Two components of the ISM Manufacturing Index, taken together, have a helpful track record of signaling recessions as they begin or shortly before they begin. The difference between the New Orders component and the Inventories component has fallen below zero near the start of most U.S. recessions. But it has also occasionally registered a false positive, signaling that a recession was imminent when none occurred. It also only relates to activity in the manufacturing sector (some 15 percent of the economy) and is derived from a survey rather than hard data. Therefore, we view this as a corroborative indicator—one to pay attention to if other, longer-term indicators are implying a recession is on the way. The spread between new orders and inventories has narrowed from its post-pandemic peak of a few months ago but remains well above zero.
Fed funds rate vs. nominal GDP growth
Since the federal funds rate arrived in the early 1950s, there has never been a U.S. recession that was not preceded by the fed funds rate rising above the year-over-year nominal growth rate of the economy (the growth rate before adjusting for inflation). As of year-end 2021, we expect the nominal GDP growth rate to have been about nine percent. The fed funds rate is now sitting at 0.1 percent—that’s 8.9 percent below the run rate of the economy, or thirty-five quarter-point Fed rate hikes from here. This indicator implies borrowing rates are nowhere close to high enough to choke off growth in the U.S. economy. Even assuming the nominal GDP run rate has slowed to six percent by the end of this year and that the Fed raises rates three times between now and then (as indicated at its December meeting) rates will still be far short of what it has taken in the past to make a recession likely. This indicator is not a great timing tool—it has signaled recession several times in the past when none has occurred—but it seems to be a necessary pre-condition of recession which we think makes it worth watching.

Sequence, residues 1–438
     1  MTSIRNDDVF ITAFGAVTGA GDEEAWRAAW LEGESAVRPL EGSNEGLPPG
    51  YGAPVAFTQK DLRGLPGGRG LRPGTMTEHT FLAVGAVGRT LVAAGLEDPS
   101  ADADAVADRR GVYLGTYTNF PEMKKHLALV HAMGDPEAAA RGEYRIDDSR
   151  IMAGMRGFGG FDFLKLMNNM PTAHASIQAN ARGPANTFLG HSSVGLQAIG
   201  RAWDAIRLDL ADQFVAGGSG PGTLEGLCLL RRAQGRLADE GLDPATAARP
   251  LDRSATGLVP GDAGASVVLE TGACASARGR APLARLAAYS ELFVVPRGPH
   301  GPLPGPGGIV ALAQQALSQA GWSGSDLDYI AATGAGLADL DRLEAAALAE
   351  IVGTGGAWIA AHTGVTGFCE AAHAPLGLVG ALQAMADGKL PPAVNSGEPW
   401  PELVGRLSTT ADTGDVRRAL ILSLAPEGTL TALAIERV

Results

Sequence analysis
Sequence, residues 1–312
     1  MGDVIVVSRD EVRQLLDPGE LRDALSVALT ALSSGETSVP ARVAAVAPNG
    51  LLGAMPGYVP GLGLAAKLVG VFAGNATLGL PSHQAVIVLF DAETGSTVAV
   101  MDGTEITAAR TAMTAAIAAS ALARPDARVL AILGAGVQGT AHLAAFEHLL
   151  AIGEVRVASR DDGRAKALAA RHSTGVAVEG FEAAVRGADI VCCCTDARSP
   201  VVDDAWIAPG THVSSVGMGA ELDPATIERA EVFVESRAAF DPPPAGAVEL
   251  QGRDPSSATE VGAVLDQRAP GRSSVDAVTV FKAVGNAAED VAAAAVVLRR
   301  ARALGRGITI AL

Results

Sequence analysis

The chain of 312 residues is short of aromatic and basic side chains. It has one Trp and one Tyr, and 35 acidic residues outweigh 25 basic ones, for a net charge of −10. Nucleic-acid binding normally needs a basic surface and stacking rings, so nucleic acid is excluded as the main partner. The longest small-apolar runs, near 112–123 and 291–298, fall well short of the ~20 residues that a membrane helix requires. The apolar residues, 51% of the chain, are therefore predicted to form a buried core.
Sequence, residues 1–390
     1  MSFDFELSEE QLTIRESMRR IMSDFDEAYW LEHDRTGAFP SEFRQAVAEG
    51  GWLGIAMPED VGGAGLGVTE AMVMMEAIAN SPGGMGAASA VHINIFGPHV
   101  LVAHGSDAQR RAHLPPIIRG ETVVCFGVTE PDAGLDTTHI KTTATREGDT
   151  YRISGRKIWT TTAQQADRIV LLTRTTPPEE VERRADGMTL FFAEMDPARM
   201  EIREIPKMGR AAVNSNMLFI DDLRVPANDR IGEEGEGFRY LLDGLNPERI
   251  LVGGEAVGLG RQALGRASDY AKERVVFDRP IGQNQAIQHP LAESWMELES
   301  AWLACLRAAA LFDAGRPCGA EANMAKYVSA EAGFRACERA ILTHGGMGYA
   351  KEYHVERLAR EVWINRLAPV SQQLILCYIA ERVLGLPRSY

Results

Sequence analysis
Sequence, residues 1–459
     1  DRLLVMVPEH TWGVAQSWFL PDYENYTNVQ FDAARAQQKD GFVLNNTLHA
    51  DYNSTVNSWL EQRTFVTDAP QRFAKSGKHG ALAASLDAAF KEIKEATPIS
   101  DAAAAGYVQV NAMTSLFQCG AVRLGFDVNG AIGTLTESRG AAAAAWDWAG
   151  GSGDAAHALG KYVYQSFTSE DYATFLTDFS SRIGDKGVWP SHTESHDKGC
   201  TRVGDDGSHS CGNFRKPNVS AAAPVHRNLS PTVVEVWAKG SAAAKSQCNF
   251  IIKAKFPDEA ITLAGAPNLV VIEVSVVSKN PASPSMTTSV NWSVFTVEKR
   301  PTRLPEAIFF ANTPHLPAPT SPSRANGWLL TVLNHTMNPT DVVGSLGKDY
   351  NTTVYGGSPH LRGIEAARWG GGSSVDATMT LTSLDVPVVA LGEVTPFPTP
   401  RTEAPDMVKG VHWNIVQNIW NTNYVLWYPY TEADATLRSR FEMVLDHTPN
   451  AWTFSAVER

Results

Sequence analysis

Moderately overweight equities
The unanimity across our recession scorecard strongly suggests the U.S. economic expansion is unlikely to run out of steam anytime soon. However, alongside all the tailwinds noted above are points of contention that are likely to provoke periodic bouts of investor concern and, perhaps, market volatility. These include the course of both inflation and central bank policy as well as China’s property debt issues, geopolitics, Congressional logjams as the midterm elections draw closer, and the prospect of more unsettling curve balls from the pandemic.
While each of these can present problems for equity markets, we think a recession will require a prolonged period of monetary tightening, which has yet to get underway, suggesting the economy, corporate earnings, and share prices have further to run. In our view, the investment climate favours moderately overweight equities positioning until an economic downturn becomes inevitable.
RBC Wealth Management, a division of RBC Capital Markets, LLC, Member NYSE/FINRA/SIPC.